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Data Modelling and Database Design Contributors: Ann Horton Howard Benbrook Dean Dameron Art Hetherington Jeff Jacobs Steve Strickland Publishing: Copyright © Oracle Corporation, 1992 All rights reserved. Printed in the U.S.A. This software/documentation contains proprietary information of Oracle Corporation; it is provided under a license agreement containing restrictions on use and disclosure and is also protected by copyright law. Reverse engineering of the software is prohibited. If this software/documentation is delivered to a U.S. Government Agency of the Department of Defense, then it is delivered with Restricted Rights and the following legend is applicable: Restricted Rights Legend Use, duplication or disclosure by the Government is subject to restrictions for commercial computer software and shall be deemed to be Restricted Rights software under Federal law and as set forth in subparagraph (c) (1) (ii) of DFARS 252.2277013, Rights in Technical Data and Computer Software (October 1988). Use, duplication, or disclosure is subject to restrictions stated in your contract with Oracle Corporation. If this software/documentation is delivered to a U.S. Government Agency not within the Department of Defense, then it is delivered with "Restricted Rights." as defined in FAR 52.227-14, Rights in Data-General, including Alternate III (June 1987). The information in this document is subject to change without notice. If you find any problems in the documentation, please report them to us in writing to Oracle Corporation. 500 Oracle Parkway, Redwood Shores. CA 94065-9815. Oracle Corporation does not warrant that this document is error free. ORACLE, SQL*Plus, SQL*Connect, SQL*Net, SQL*DBA, SQL*Report, SQL*ReportWriter, SQL*Forms, SQL*Menu, SQL*Loader, Easy*SQL, Pro*C, Pro*COBOL, Pro*Ada, Pro*Fortran, Pro*PL/I, Pro*Pascal, SQL*Calc, SQL*QMX, Oracle Financials, and CASE*Dictionary are registered trademarks. Oracle General Ledger. Oracle Assets. Oracle Payables and Oracle Purchasing. Oracle*Mail, SQL*TextRetrieval, PL/SQL, Oracle Graphics, Hyper*SQL, Oracle Card. CASE*Designer, and CASE*Generator are trademarks of Oracle Corporation. Lotus and 1-2-3 are trademarks of Lotus Development Corporation. Macintosh and HyperCard are registered trademarks and HyperTalk is a trademark of Apple Computer. Inc. dBase is a trademark of Ashton-Tate Corporation. IBM. MVS. DB2, SQL/DS, and IBM PC are trademarks of International Business Machines Corporation. Microsoft and MS-DOS are registered trademarks and Windows is a trademark of Microsoft Corporation. Paintbrush is a trademark of Zsoft Corporation. Scott Knudtson Kathy Andronica Pete Cassidy Claudia Herzog Bill Hopkins Cliff Longman Tom Traver Rich Marinaccio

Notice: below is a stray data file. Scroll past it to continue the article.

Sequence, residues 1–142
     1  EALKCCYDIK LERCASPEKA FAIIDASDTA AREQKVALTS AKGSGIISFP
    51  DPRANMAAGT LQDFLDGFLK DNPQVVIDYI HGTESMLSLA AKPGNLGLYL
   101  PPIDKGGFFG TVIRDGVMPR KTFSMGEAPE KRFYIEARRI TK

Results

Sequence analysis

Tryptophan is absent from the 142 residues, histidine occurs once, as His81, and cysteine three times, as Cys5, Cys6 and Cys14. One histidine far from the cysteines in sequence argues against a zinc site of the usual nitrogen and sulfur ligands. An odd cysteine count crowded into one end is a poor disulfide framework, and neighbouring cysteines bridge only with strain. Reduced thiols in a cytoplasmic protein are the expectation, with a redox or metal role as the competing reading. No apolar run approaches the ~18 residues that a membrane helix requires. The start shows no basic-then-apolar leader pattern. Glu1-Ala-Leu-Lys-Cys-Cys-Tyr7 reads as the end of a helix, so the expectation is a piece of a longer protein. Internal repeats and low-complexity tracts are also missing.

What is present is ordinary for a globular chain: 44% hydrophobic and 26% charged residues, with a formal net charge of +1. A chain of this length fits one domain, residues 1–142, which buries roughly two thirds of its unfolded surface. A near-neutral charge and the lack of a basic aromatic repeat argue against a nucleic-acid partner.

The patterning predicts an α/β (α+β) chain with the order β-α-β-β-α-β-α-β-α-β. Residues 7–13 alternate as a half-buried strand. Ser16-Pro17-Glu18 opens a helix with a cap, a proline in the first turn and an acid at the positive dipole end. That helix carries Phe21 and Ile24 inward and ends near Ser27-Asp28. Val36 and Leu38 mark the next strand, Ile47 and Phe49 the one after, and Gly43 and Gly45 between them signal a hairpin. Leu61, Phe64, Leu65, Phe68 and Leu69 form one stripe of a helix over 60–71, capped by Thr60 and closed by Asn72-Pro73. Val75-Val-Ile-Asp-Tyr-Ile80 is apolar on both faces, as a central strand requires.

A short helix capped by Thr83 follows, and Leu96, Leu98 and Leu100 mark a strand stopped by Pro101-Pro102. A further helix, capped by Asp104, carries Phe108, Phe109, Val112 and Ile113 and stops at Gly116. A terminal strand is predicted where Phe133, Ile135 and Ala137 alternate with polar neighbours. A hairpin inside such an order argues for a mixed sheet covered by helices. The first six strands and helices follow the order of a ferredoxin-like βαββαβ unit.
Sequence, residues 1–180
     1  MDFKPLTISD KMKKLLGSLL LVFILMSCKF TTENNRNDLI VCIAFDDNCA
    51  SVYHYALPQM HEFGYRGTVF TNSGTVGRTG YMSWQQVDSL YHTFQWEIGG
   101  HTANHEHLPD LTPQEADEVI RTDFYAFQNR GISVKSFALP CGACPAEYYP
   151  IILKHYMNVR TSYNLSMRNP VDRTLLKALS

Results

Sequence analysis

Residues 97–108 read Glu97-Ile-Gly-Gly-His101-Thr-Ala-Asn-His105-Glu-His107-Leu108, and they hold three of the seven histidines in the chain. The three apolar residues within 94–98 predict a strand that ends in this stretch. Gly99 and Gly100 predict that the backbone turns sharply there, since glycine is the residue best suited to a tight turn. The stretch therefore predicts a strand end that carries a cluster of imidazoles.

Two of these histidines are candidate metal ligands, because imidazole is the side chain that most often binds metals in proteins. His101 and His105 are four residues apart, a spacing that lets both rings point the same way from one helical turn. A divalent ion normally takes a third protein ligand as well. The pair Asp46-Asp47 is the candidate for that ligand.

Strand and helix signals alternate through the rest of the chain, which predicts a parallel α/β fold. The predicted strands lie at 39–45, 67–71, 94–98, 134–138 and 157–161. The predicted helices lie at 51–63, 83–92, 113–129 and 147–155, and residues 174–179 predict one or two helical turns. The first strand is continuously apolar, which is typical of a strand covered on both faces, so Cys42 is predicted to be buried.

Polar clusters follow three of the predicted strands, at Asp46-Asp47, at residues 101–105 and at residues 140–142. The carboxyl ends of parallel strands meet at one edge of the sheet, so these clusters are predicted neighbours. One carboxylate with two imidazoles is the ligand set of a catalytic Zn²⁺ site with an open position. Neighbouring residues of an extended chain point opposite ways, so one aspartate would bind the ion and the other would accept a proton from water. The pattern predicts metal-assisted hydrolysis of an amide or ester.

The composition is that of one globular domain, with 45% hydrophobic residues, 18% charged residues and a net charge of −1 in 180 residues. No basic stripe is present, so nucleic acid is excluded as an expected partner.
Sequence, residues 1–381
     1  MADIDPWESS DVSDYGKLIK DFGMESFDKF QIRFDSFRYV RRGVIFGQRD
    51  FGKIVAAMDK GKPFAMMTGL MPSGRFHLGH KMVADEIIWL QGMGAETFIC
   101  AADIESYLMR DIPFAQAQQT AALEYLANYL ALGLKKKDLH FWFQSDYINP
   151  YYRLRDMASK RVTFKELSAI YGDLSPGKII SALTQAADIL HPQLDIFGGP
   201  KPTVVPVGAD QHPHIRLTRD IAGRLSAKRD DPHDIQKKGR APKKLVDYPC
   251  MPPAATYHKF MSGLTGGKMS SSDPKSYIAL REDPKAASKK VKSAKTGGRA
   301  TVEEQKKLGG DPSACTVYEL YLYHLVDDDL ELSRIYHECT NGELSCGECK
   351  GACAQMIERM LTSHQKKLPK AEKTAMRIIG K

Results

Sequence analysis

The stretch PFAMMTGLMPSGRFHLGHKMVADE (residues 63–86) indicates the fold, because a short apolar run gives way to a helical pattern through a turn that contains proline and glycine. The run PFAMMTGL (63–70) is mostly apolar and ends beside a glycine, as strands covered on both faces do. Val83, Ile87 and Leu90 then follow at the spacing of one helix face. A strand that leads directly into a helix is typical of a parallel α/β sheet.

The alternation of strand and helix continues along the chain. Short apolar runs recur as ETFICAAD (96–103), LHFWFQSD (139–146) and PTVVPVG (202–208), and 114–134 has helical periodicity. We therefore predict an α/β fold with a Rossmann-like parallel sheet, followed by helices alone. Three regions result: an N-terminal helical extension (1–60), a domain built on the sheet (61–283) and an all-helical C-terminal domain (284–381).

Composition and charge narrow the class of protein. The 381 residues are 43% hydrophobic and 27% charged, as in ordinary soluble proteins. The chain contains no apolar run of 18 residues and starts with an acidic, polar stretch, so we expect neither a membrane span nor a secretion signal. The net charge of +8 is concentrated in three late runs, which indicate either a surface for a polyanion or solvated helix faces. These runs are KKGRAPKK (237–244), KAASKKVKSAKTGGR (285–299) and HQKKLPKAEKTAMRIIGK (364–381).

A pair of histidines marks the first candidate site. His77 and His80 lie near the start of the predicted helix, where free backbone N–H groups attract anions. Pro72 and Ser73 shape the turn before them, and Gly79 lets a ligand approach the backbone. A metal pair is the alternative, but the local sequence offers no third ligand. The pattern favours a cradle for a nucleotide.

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CONTENTS
CONTENTS .............................................................................................................................. 4

1 INTRODUCTION.....................................................................................9
COURSE OBJECTIVES ....................................................................................................... 10 ORACLE OVERVIEW ......................................................................................................... 11 ORACLE'S CASE APPROACH .......................................................................................... 13 CASE*METHOD DEVELOPMENT CYCLE.................................................................... 14

2 OVERVIEW OF DATABASE DEVELOPMENT..................................15